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145th Street: Short Stories by Walter Dean…

145th Street: Short Stories

by Walter Dean Myers

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This book definitely immerses you in a very specific group of people. quick read. some violence. ( )
  GR8inD8N | Apr 1, 2014 |
5Q 3P (My VOYA codes) Review of short story "Kitty and Mack: a Love Story"

This story is about a girl falling in love with a boy and standing by him against all odds put into an everyday setting...

This short story leaves a lot of unanswered questions about character motivation. I think that is the point of the short story format in this case. I feel as if the writer shows some and tells both too much and two little at the exact same time. This story would appeal to both realists and romantics. Overall, I would have to read the rest of the book to get a better flavor of the overall message of the book and may adjust my reviews accordingly.
  Razberries4 | May 23, 2013 |
NMET - "A collection of stories about people who live on 145th street in Harlem. Readers get to know a cop, fine Peaches and her girl, Squeezie, Monkeyman, Benny the boxer, and many others." RGG: Be forewarned--a lot of street violence. Especially good for read aloud: "The Streak," "Kitty and Mack: A Love Story," "A Christmas Story."
  rgruberexcel | Sep 3, 2012 |
this book is a good book.. mostly about harlem. my favorite story is mack and kitty: a love story. it was so sad and depressing at the same time sweet and caring. this is probly the best story thruout the whole book and i love this one :D
  moniabegum | Sep 26, 2011 |
"That's what life of 145th Street is like. Something funny happens, like Big Joe's funeral, and then something bad happens. It's almost as if the block is reminding itself that like is hard, and you have to take it seriously." (p. 12) ( )
  karenestockton | May 31, 2010 |
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Amazon.com Amazon.com Review (ISBN 0440229162, Mass Market Paperback)

"That's what 145th Street is like. Something funny happens... and then something bad happens. It's almost as if the block is reminding itself that life is hard, and you have to take it seriously." Walter Dean Myers's book of interconnected short stories is a sweet and sour mix of the comedy and tragedy of the human condition, played out against the backdrop of the Harlem neighborhood that is centered around 145th Street. In this 'hood, teens will become acquainted with the mysterious 12-year-old Angela, whose sad dreams seem to predict the future for an unlucky few, and the fast-talking Jamie Farrell, a smooth basketball player who's praying that his streak of good luck doesn't end before he can ask out Celia Evora, "the finest chick in the school." They will chuckle at the affable Big Joe, who wants to enjoy his funeral party while he's still alive, yet feel their hearts tighten when Big Time Henson senses his drug addiction drawing him closer and closer to an early grave.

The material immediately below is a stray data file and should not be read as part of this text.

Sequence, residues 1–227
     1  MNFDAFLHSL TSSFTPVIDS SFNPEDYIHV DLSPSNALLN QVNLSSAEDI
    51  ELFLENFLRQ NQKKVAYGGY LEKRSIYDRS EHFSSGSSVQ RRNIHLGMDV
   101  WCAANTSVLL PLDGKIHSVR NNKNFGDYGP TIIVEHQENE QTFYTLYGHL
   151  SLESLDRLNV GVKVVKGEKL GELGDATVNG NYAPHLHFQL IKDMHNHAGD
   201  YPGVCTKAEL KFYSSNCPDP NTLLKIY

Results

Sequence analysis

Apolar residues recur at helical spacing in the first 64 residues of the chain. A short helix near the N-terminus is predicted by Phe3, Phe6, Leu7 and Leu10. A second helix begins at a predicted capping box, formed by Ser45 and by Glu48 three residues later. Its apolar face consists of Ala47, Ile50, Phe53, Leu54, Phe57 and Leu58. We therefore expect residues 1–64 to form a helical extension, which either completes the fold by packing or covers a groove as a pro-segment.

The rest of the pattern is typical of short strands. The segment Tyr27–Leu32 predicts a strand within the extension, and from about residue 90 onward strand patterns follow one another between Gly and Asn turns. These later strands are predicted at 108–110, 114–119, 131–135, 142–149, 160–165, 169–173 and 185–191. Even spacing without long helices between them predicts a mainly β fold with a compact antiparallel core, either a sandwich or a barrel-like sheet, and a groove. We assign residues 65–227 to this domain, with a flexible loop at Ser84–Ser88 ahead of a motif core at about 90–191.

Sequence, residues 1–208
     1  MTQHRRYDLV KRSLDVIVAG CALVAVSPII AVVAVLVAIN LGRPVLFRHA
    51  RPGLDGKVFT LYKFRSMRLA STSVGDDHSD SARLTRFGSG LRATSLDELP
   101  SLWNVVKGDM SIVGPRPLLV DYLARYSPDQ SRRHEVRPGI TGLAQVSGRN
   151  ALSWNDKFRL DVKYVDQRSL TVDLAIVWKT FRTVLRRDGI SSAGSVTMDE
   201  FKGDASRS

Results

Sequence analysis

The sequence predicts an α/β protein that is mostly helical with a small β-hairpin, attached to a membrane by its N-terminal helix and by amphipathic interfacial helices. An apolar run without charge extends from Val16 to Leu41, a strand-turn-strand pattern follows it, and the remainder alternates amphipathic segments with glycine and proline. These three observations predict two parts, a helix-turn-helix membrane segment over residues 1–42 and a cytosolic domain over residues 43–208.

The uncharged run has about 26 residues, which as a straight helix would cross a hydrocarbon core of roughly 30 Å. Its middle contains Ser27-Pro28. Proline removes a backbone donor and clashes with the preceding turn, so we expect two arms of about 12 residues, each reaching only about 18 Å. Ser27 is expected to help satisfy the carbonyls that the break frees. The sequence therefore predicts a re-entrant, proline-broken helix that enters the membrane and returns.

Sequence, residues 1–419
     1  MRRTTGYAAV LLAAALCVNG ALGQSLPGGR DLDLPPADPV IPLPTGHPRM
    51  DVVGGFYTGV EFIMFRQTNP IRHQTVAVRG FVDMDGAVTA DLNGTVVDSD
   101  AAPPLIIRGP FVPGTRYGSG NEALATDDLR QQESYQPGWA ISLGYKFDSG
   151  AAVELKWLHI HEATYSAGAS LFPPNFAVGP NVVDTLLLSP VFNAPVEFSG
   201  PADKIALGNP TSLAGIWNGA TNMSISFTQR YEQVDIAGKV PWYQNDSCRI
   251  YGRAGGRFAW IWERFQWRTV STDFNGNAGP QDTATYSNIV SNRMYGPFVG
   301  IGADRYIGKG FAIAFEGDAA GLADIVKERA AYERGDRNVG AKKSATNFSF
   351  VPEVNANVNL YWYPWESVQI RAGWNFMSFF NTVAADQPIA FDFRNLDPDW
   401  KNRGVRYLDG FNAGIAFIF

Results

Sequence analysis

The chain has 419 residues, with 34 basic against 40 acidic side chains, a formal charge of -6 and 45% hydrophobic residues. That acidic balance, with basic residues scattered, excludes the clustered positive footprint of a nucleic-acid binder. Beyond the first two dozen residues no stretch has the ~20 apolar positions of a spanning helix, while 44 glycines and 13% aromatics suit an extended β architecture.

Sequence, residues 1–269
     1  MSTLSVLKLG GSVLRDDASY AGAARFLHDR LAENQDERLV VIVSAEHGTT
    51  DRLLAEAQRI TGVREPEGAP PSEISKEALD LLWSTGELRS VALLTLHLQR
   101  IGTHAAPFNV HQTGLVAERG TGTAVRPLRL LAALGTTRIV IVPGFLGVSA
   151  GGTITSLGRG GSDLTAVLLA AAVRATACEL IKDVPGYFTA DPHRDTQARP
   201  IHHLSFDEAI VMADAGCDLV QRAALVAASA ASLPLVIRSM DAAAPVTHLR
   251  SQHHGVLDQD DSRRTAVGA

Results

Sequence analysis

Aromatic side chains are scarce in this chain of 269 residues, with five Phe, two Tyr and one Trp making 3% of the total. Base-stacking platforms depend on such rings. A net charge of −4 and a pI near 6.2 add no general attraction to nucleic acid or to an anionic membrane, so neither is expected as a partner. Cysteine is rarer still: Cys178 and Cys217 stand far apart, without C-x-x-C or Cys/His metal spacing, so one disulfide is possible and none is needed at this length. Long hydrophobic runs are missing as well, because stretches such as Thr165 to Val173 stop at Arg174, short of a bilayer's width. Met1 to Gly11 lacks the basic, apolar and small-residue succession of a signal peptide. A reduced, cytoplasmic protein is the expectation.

Myers frankly discusses the consequences of violence, drive-bys and gang war through his articulate characters, but tempers these episodes with such a love of his fictional community that every character shines through with the hope and strength of a survivor. Changing his point of view from teen to adult and back again through each vignette, Myers successfully builds a bridge of understanding between adolescents and adults that will help each group better understand the problems of the other. A worthy and recommended read that beautifully illustrates the good that can come out of a community that stands together. Newbery Honor-winning Myers has written more than 50 books, including Monster and Fallen Angels. (Ages 12 and older) --Jennifer Hubert

(retrieved from Amazon Mon, 30 Sep 2013 13:21:52 -0400)

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Ten stories portray life on a block in Harlem.

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